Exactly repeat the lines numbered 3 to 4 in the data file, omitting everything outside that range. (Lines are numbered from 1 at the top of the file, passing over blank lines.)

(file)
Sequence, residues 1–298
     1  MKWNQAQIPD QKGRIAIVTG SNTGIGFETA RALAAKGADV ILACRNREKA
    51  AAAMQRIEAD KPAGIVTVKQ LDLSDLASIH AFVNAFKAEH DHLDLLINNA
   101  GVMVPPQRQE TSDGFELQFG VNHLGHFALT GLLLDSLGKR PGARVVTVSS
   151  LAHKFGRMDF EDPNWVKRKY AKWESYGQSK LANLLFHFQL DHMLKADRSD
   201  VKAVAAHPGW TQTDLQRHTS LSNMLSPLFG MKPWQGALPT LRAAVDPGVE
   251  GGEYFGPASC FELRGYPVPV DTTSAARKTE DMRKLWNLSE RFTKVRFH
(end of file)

    51  AAAMQRIEAD KPAGIVTVKQ LDLSDLASIH AFVNAFKAEH DHLDLLINNA
   101  GVMVPPQRQE TSDGFELQFG VNHLGHFALT GLLLDSLGKR PGARVVTVSS